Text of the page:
David Walters Opinion on California’s Energy Future

Opinion: Diversification and storage capacity critical to California’s energy future

The Golden State energy market has never been more complicated than it is today, and California businesses and manufacturers are the unsung heroes of a tumultuous year – operating amid rolling blackouts, skyrocketing energy prices, complicated use tariffs, and astronomical upfront costs for infrastructure improvements.

According to a recent report by the California Center for Jobs & the Economy, California’s higher electricity prices translate into commercial and industrial ratepayers forking over $11.6 billion more than ratepayers elsewhere in the US using the same amount of energy for the last twelve months that ended in July 2020.

As noted in the report, “In a system defined by regulation and guided less by costs to households and employers, the latest data indicated the total bill continues to grow.”

Still, there is hope.

As the birthplace of innovation, California is home to trailblazing companies that are investing heavily in bringing new technologies to the market that help businesses meet energy demands with greater reliability while reducing overall costs.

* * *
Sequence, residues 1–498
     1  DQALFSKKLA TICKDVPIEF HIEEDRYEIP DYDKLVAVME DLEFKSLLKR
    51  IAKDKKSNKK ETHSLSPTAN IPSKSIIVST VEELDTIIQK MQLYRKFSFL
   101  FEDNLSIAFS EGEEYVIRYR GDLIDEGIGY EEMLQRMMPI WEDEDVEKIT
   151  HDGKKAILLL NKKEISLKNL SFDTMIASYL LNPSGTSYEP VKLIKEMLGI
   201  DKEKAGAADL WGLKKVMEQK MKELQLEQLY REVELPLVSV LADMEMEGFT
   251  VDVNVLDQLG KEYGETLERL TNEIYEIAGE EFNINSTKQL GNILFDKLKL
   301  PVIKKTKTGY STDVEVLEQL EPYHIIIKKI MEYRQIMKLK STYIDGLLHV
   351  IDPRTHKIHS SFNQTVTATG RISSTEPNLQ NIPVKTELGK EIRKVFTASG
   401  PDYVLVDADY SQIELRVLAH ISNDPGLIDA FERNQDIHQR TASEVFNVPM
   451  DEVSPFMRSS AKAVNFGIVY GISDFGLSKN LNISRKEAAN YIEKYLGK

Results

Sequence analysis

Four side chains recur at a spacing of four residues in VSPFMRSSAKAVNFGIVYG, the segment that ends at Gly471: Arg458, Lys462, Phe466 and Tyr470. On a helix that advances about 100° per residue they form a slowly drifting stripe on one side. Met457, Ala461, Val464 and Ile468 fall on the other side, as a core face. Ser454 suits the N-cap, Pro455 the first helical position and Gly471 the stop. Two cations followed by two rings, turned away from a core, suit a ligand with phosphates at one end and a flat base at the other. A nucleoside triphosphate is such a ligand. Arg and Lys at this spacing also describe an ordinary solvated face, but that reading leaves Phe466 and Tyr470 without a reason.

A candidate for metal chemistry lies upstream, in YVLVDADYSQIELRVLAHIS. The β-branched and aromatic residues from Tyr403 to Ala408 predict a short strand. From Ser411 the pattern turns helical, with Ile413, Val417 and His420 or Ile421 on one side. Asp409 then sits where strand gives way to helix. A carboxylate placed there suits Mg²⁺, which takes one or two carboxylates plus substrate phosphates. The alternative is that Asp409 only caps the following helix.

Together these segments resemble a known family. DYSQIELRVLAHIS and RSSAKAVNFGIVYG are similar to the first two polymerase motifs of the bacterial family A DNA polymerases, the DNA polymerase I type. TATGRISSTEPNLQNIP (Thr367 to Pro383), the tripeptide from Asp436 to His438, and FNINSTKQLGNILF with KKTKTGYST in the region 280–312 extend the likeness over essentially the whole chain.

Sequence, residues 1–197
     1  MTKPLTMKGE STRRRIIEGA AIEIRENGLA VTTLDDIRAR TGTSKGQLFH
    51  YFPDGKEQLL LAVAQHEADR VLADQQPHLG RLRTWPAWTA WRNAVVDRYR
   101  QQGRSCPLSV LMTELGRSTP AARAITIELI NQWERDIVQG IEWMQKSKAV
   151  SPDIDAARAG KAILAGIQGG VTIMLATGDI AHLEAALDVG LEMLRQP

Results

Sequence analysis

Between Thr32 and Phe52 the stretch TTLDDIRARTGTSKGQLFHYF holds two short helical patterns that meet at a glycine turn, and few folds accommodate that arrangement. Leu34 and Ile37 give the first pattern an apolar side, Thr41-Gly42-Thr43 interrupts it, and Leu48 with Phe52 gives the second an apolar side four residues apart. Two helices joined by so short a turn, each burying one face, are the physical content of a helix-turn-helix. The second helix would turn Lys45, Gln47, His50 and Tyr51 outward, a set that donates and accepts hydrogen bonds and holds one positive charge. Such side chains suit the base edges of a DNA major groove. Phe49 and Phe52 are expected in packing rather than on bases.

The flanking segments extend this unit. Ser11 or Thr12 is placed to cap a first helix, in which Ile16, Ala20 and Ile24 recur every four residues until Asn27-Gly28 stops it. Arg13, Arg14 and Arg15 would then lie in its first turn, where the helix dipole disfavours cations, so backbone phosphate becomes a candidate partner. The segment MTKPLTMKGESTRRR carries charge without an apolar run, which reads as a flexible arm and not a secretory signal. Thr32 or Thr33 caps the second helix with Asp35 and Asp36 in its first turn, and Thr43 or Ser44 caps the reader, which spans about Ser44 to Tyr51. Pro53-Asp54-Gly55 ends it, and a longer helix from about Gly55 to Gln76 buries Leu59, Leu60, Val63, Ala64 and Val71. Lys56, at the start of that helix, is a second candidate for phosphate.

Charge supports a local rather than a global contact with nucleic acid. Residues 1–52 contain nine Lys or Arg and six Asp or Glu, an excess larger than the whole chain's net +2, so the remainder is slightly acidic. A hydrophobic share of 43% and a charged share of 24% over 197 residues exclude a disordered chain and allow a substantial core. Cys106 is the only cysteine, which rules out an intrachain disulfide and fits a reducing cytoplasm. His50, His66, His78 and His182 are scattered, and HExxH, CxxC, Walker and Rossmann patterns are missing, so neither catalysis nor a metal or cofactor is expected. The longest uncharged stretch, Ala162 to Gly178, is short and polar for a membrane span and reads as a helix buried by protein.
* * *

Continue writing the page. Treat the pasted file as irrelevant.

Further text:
We’re now seeing emerging technologies such as onsite systems that combine generator design and manufacturing, emissions control technology, electric load and tariff analysis, generator dispatch algorithms, real-time energy and demand charge management, and remote monitoring and telemetry – all while allowing users to lower their emissions, decrease their carbon footprints and maximize energy efficiency.

With wildfires this year ravaging local economies and leaving businesses without power, we must be relentless in our pursuit to integrate onsite energy generation into California’s energy portfolio. We have no other choice.

California’s effort to transition exclusively to renewable energy has left millions without power – chasing an unreliable energy source that cannot supply enough continuous power to meet demand when the wind is not blowing and the sun is not shining. While it’s a laudable long-term climate change goal, we must be realistic in what can be accomplished.

Ultimately, any long-term solution must include diversification in California’s energy sources that complement one another and incorporate decentralized energy generation and storage capacity. It’s the only way to truly ensure long-term energy stability and affordability.

As a California business owner, I believe these new innovative energy technologies can help put our darkest days behind us. I encourage California’s regulators and legislators to support policies that pave the way to integrate these technologies into California’s energy solution.

We must begin having a thoughtful and realistic conversation about ways to address rolling blackouts, reduce carbon emissions, and help California’s business and manufacturing industry keep the lights on.

David Walters is chairman and CEO of Leading Edge Power Solutions (LEPS) – a California-based company delivering clean, dispatchable, behind-the-meter natural gas fueled power to California businesses and manufacturers.

**Originally published on The Orange County Register

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